The pandemic almost closed my church. Technology saved him
Larger organizations such as the 3,000-member Providence Baptist Church in Raleigh were already using streaming services and recording them before the pandemic, but they jumped at the opportunity to do more and connect more deeply with their congregation during this time. crisis.
“We really increased our chat functions during the service,” said John Erwin, the executive pastor. “This includes engagement strategies with special moments that viewers can respond to by clicking a link and / or virtually raising their hand to trust Christ or pray for.”
Retired Pastor Danny Lemons, who recently led the disciple for 14 years at the 400-member United Methodist Church of the Messiah in Shippensburg, Pa., Said Messiah is experiencing a 100% increase in online attendance. To keep their members engaged, they distribute digital versions of their newsletter and hymn lyrics in advance.
At Chapel in the Pines Presbyterian Church in Chapel Hill, Pastor Andrew Taylor-Troutman not only downloads a recorded sermon each week that can be viewed asynchronously from their website, but also offers a virtual weekly fellowship service. Participants bake their own bread and cup at home, and after prayer they take turns helping themselves, all in real time.
Temple Beth Gold in Raleigh, which is home to a religious school and early learning center, complements online lessons with polls from survey apps and word cloud generators to keep their students engaged.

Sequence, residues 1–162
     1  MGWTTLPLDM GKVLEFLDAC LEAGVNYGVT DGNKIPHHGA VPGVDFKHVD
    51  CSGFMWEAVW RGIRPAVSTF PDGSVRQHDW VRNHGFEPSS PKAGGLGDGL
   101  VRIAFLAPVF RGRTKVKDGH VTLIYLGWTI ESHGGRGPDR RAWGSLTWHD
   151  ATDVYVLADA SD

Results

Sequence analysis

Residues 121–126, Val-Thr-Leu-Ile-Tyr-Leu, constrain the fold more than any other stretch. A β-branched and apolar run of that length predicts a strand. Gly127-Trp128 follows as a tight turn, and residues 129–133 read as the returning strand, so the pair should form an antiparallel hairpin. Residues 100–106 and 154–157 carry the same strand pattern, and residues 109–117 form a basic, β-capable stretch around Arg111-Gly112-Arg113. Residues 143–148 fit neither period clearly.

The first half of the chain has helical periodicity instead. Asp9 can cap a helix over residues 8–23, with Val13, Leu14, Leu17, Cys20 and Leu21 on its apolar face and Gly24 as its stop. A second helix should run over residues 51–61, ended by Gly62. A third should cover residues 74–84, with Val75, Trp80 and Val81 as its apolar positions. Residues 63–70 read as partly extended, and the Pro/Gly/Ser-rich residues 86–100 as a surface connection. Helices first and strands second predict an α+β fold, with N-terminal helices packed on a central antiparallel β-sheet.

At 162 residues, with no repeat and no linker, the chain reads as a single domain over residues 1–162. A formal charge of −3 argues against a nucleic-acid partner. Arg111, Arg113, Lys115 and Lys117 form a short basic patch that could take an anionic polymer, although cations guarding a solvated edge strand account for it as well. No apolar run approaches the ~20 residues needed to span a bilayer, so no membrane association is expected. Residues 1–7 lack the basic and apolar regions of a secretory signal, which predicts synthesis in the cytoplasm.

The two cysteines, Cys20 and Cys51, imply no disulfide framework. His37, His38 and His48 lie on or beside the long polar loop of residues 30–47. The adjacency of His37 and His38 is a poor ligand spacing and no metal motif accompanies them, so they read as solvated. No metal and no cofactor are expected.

Build new bridges
At the height of the pandemic and after the murder of George Floyd, Taylor-Troutman contacted Pastor Larry Neal of Mount Zion Baptist Missionary Church, a historically African-American community also in Chapel Hill. “When I suggested that our two churches pray together,” said Taylor-Troutman, “Reverend Neal didn’t just say yes, he came up with a plan calling for our people to come together every week.” The two religious leaders then coordinated a weekly conference call, and they recently switched to Zoom, where attendees interact and bond as prayer partners.
The internet has also provided a much safer and more flexible alternative to traditional plate handing. Visitors to the Chapelle dans les Pins site can now devote themselves online to the mission of their choice via a personalized drop-down menu. This approach has fostered new initiatives such as partnering with a local restaurant to provide meals to those in need, a project that serves the community and stimulates economic development. With this new approach, Taylor-Troutman said, Chapel in the Pines revenue increased 8%.
Michael Fulp, pastor of the Cedar Square Friends Reunion in High Point, North Carolina, credits the innovation that his congregation has helped retain his youth, a challenge for churches across the country. “Young people are much more comfortable with iPhones, iPads and computers than the older generation, which helps them stay connected with us. The same goes for social media. Our Facebook subscribers have doubled from 200 to 400. ”
“Another benefit of the technology is that it has allowed us to bring together other Reform Jewish congregations across the state and nation,” said Rabbi Lucy Dinner of Temple Beth Gold. “For example, we have hosted a joint Shabbat service in honor of Ruth Bader Ginsburg, and soon we will also be offering a virtual lunch and learning event with two hours of teaching, featuring rabbis from other temples. ”
Capture the power of content
While faith communities may not be the first to embrace the cloud-first corporate mindset, we can think outside the box and put valuable internal resources to work for us. For the first time in years, the Science Hill Choir was unable to come together to perform our annual Christmas Cantata in December. Instead of an in-person event, we simply played a favorite performance from our DVD archive, and all viewers, whether online or in the boardroom, enjoyed the nostalgia of watching familiar faces come together and sing.